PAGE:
Compiled by Jaimie Woo, a Summer 2012 Leadership Conference Education Fund Intern
Racial Profiling Difficult to Prove, Experts Say
The U.S. Supreme Court’s decision to uphold a key provision of Arizona’s immigration law has faced criticism from opponents. Although the court struck down three provisions that targeted illegal immigrants, the provision that requires officers to check the immigration status of anyone they stop or detain as long as they have “reasonable suspicion” of illegal status still presents many challenges for facing the potential threat of racial profiling. Legal experts warn that these lawsuits take time and are difficult to win. “At least six months or a year,” said David Harris, a professor at the University of Pittsburgh School of Law. A case against a Maricopa County (Ariz.) sheriff demonstrates the challenges in pursuing lawsuits claiming racial profiling by police officers. Due to the county’s strict immigration enforcement and routine roundups, the Justice Department sued and a group of Latinos filed a separate class-action lawsuit. Although the claims began in 2007-2008, the case is only now scheduled for trial this month.
ACLU Alleges Michigan School District Violated Students’ ‘Right to Learn to Read’
The Washington Post
The American Civil Liberties Union (ACLU) makes an unprecedented case in charging the state of Michigan and a Detroit area school district for their failure to adequately educate children. The ACLU class-action lawsuit says hundreds of students in the Highland Park School District are illiterate, struggle behind grade level, and receive no assistance required by state law. A 1993 Michigan state law requires that public school students who demonstrate low reading proficiency need to be provided with “special assistance.” The most recent state test scores for Highland Park schools show that 65 percent of fourth-graders and 75 percent of seventh-graders were not proficient in reading. Sara Wurfel, press secretary for Gov. Rick Snyder, R. Mich., says the administration is working to address the “long overdue academic crisis.” The lawsuit addresses the nation’s growing concern over early literacy.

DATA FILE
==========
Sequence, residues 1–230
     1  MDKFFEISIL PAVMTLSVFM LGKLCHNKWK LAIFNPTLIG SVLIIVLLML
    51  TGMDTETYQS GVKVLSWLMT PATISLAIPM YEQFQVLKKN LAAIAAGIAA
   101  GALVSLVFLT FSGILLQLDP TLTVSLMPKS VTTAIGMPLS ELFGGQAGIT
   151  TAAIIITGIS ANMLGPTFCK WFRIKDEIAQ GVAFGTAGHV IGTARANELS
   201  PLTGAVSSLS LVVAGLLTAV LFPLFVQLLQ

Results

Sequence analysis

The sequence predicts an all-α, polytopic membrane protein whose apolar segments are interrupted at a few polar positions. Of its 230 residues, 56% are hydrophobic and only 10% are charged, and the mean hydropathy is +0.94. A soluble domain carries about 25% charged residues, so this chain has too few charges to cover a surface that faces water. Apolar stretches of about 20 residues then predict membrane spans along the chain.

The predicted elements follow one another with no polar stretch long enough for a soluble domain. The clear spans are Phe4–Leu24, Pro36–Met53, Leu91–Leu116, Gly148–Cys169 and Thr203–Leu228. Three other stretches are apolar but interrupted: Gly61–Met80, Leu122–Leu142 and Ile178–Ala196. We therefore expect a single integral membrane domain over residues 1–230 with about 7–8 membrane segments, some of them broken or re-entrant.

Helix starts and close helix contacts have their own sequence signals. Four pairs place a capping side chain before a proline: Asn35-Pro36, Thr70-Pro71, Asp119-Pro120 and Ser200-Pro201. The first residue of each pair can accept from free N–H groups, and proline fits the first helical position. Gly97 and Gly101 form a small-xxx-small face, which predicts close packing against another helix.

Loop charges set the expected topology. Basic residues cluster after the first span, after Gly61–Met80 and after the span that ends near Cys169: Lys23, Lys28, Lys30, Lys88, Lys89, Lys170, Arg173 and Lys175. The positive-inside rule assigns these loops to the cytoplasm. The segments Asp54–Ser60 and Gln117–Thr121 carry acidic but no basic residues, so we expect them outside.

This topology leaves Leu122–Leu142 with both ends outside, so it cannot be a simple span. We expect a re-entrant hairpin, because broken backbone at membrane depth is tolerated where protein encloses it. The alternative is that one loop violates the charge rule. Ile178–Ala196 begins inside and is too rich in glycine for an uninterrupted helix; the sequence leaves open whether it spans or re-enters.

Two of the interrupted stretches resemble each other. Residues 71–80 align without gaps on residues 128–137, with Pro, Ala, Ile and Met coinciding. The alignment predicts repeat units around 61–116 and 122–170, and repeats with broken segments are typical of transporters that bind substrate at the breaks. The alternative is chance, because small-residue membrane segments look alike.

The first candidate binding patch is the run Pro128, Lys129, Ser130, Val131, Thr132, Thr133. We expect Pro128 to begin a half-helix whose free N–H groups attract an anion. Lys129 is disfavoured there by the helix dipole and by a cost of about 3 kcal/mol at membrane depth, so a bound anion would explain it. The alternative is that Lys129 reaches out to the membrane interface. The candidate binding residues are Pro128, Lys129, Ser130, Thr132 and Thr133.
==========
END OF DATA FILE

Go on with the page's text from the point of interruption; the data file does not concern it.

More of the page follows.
‘Looking for Rats in Ratholes’
The New York Times
A federal judge has overturned a provision of the Obama administration’s rules for evaluating career-training programs that receive federal student aid. In an editorial, The New York Times advises the Department of Education to revise regulations that both for-profit and nonprofit career training programs had to meet in order to remain eligible for federal student aid. Along with loan payments and income standards, one of the three requirements obliges 35 percent of graduates to be repaying their loans. The regulation was intended to prevent for-profit schools from burying students with loans that they would never be able to repay. In order to make the industry more accountable, The Times suggests the department return to court and provide a better explanation for the 35 percent threshold. It also encourages the department to reconsider provisions that allow programs to remain eligible for aid.